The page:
[quote]The information may be untrue, but it is valuable because it
feeds into the US agenda. Karimov is very much George
Bush’s man in central Asia. There is not a senior member of
the US administration who is not on record saying warm
words about Karimov. There is not a single word recorded
by any of them calling for free elections in Uzbekistan. [/quote]
so in the words of your own reporter all the information may be untrue but it is “valuable” because it proves his point that the US has an agenda? Very interesting style of reporting.
So Karimov is “our man” in Uzbekistan? Did we install him? I thought the Russians did that?
Bush has not specifically called for elections in many countries, but his overall thrust is clear.
Now, there is some validity to the points that you make. First of all, what are the opportunities for credible democratic opposition in Uzbekistan? Will supporting the overthrow of Karimov deliver a democracy or will it result in something like the shah being tossed out only to see the mullahs come in? This is the same problem we are facing in Pakistan with Musharraf. Want to see him overthrown to bring “democracy” to Pakistan? These are not easy variables to balance.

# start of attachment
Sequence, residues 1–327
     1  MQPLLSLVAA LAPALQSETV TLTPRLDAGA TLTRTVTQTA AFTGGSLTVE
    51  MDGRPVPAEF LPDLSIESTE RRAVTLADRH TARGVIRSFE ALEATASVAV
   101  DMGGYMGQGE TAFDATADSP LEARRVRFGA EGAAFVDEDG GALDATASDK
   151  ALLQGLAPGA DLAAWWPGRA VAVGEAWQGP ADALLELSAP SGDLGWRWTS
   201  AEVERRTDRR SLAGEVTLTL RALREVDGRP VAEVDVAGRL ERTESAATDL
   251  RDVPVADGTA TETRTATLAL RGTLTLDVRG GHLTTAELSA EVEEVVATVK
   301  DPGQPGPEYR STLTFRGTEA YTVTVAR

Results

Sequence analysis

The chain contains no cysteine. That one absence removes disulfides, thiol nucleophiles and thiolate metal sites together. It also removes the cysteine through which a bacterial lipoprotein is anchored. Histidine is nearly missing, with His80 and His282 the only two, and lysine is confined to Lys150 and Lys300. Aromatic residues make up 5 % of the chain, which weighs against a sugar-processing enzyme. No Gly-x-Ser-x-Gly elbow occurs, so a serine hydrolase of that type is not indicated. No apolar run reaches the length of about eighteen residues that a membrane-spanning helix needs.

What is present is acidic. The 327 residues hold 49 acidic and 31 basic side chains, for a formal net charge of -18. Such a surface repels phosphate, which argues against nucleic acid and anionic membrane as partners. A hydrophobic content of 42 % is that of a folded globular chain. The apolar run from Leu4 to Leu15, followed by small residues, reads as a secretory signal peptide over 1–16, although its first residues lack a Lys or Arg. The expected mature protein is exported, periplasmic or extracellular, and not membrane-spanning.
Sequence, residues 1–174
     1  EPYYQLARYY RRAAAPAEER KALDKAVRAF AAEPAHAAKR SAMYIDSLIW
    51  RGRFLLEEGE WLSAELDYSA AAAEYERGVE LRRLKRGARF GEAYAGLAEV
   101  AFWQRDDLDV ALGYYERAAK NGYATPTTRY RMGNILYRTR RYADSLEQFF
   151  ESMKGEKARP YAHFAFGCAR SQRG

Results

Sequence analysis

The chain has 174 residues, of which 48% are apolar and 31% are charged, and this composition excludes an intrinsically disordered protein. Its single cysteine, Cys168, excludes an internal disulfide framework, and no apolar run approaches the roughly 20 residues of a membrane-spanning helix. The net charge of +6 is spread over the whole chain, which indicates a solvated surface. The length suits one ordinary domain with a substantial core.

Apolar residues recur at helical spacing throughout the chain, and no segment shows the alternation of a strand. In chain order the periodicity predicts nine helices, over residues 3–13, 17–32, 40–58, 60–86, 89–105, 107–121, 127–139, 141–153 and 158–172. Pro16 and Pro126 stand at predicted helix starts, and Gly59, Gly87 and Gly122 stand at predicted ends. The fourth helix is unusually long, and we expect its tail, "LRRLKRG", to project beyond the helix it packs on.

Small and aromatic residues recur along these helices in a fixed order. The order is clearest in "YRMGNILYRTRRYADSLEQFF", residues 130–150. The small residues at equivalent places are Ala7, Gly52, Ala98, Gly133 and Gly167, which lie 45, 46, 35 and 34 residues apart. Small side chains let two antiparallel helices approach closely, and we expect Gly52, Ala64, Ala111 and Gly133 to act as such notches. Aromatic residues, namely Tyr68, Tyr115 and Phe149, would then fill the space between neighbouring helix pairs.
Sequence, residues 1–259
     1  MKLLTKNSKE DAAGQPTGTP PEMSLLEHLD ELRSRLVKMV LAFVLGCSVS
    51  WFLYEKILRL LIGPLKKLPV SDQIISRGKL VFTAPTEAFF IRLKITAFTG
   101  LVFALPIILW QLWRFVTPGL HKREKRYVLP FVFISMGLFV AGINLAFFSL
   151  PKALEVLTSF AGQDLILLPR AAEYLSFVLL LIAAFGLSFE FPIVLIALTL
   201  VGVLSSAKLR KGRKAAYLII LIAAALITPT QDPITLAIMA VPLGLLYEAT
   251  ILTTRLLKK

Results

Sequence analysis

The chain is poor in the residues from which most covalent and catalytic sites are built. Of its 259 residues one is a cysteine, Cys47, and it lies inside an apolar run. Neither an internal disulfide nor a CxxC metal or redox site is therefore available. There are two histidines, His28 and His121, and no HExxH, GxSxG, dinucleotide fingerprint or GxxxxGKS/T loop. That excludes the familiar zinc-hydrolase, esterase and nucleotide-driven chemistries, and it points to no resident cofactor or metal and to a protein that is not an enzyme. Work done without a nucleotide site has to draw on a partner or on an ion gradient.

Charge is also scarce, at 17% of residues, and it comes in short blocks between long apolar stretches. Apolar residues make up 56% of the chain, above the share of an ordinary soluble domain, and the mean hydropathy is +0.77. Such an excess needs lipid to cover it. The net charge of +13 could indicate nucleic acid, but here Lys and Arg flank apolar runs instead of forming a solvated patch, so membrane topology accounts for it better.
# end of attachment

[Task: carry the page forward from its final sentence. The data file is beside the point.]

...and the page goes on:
I completely agree that we should be putting pressure on Uzbekistan to reform but I also think that we have to be realistic about what we can accomplish. How to balance this is the key. Carter completely failed by rushing to implement his “concern for human rights” above all factors. Look at the results in Nicaragua, Afghanistan and Iran to name three. Under Carter’s term of office there were massive protests in Kaohsiung and Kyongju in Korea. What happened? Bloody crackdowns.
Compare this with Reagan’s approach which was to ease Marcos out of the Philippines with minimum bloodshed. Compare his efforts in Grenada. Compare his challenges to the Soviet Union everywhere. Compare the efforts to democratize that were pushed in Taiwan, Korea, Thailand and elsewhere in East Asia during his tenure.
We can push democracy BUT doing it the right way even if it takes longer is not necessarily bad.
Finally, countries like Afghanistan and Iraq deserved to be invaded. The native democracy movement was never going to flourish and develop under the conditions then present. With other countries, we have other options. Witness the new empowerment of women in Kuwait. We can try similar approaches in Saudi Arabia, Egypt and maybe Uzbekistan.
This simplistic refrain that one hears from the Left so often about how if we are going to invade one country for x, y and z reasons, we must invade all is ludicrous. It is especially ludicrous in light of the leftist position (which is set in stone) that all war is wrong. Hence, isn’t it somewhat incredible that the left and the Guardian are basically espousing war against Uzbekistan? Does this make sense to anyone else?